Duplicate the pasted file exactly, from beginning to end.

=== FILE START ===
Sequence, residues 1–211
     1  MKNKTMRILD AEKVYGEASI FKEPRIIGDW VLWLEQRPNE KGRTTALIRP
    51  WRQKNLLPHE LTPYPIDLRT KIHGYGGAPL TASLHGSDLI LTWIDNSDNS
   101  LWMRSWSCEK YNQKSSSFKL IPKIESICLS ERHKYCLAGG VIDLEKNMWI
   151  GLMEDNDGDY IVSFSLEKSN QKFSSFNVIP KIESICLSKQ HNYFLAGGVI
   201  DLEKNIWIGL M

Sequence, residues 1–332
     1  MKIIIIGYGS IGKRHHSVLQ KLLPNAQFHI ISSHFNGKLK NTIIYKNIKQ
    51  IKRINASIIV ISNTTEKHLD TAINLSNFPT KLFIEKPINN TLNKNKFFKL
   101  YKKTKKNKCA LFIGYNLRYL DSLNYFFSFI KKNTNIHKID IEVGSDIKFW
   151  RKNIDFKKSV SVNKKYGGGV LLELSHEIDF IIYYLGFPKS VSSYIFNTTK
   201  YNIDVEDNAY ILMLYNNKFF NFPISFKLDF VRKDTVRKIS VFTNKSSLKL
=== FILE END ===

Sequence, residues 1–211
     1  MKNKTMRILD AEKVYGEASI FKEPRIIGDW VLWLEQRPNE KGRTTALIRP
    51  WRQKNLLPHE LTPYPIDLRT KIHGYGGAPL TASLHGSDLI LTWIDNSDNS
   101  LWMRSWSCEK YNQKSSSFKL IPKIESICLS ERHKYCLAGG VIDLEKNMWI
   151  GLMEDNDGDY IVSFSLEKSN QKFSSFNVIP KIESICLSKQ HNYFLAGGVI
   201  DLEKNIWIGL M

Sequence, residues 1–332
     1  MKIIIIGYGS IGKRHHSVLQ KLLPNAQFHI ISSHFNGKLK NTIIYKNIKQ
    51  IKRINASIIV ISNTTEKHLD TAINLSNFPT KLFIEKPINN TLNKNKFFKL
   101  YKKTKKNKCA LFIGYNLRYL DSLNYFFSFI KKNTNIHKID IEVGSDIKFW
   151  RKNIDFKKSV SVNKKYGGGV LLELSHEIDF IIYYLGFPKS VSSYIFNTTK
   201  YNIDVEDNAY ILMLYNNKFF NFPISFKLDF VRKDTVRKIS VFTNKSSLKL